Tool use and culture

In 1997, tool use was described in Bottlenose Dolphins in Shark Bay, Western Australia. A dolphin will stick a marine sponge on its beak, presumably to protect it when searching for food in the sandy sea bottom. The behavior has only been observed in this bay, and is almost exclusively shown by females. This is the only known case of tool use in marine mammals. An elaborate study in 2005 showed that mothers most likely teach the behavior to their daughters. See [7].


The male has two slits at the bottom side of the body: one hiding the penis and further behind one for the anus. The female has one genital slit, housing the vagina and the anus.

Courtship behavior of the male includes clinging along to that female, posing for the female, stroking, rubbing, nuzzling, mouthing, jaw clapping, and yelping. Coitus is preceded by lengthy foreplay; then the two animals arrange belly to belly, the penis extends out of its slit and is inserted into the vagina. The act lasts only 10-30 seconds, but is repeated numerous times, with several minutes break in between.

The gestation period is 12 months. The young are born in shallow water, sometimes assisted by a "midwife" (which may be male). A single calf is born, about 1 meter (3 feet) long at birth.

To speed up the nursing process, the mother can eject milk from her mammary glands. There are two slits, one on either side of the genital slit, each housing one nipple. The calf is nursed for 12 to 18 months.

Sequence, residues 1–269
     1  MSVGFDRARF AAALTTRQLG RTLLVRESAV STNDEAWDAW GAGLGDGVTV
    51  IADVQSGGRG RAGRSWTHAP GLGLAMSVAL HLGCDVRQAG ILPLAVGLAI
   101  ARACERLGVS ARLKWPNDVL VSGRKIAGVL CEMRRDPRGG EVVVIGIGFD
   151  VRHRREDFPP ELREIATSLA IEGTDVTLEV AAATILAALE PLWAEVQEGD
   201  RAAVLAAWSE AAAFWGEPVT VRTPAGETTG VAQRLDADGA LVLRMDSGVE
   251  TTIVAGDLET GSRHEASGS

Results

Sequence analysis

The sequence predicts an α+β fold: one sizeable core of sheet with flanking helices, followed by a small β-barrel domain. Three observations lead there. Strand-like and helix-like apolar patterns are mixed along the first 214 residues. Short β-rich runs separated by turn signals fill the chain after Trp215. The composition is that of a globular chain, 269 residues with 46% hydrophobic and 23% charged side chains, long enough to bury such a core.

The young live closely with their mother for up to 6 years; the males are not involved in the raising of their offspring. The females become sexually mature at age 5-12, the males a bit later, at age 10-12.

Natural predators

Large shark species such as tiger sharks, dusky sharks, and bull sharks prey on Bottlenose Dolphins. Orcas may also prey on them, but this seems rare.


Scientists have long been aware that the Bottlenose Dolphin might consist of more than one species. The advent of molecular genetics has allowed much greater insight into this previously intractable problem. The consensus amongst scientists (and reported in Rice (1998), the standard work on the taxonomy of cetaceans [1]) is that there are two species:

  • the Common Bottlenose Dolphin (T. truncatus), found in most warm to tropical oceans; color sometimes almost blue; has a dark line from beak to blowhole
  • the Indo-Pacific Bottlenose Dolphin (T. aduncus), living in the waters around India, Australia and South-China; back is dark-gray and belly is white with gray spots.

The following are sometimes recognized as subspecies of T. truncatus:

  • the Pacific Bottlenose Dolphin (T. gillii or T. truncatus gillii), living in the Pacific; has a black line from the eye to the forehead
  • the Black Sea Bottlenose Dolphin (T. truncatus ponticus), living in the Black Sea.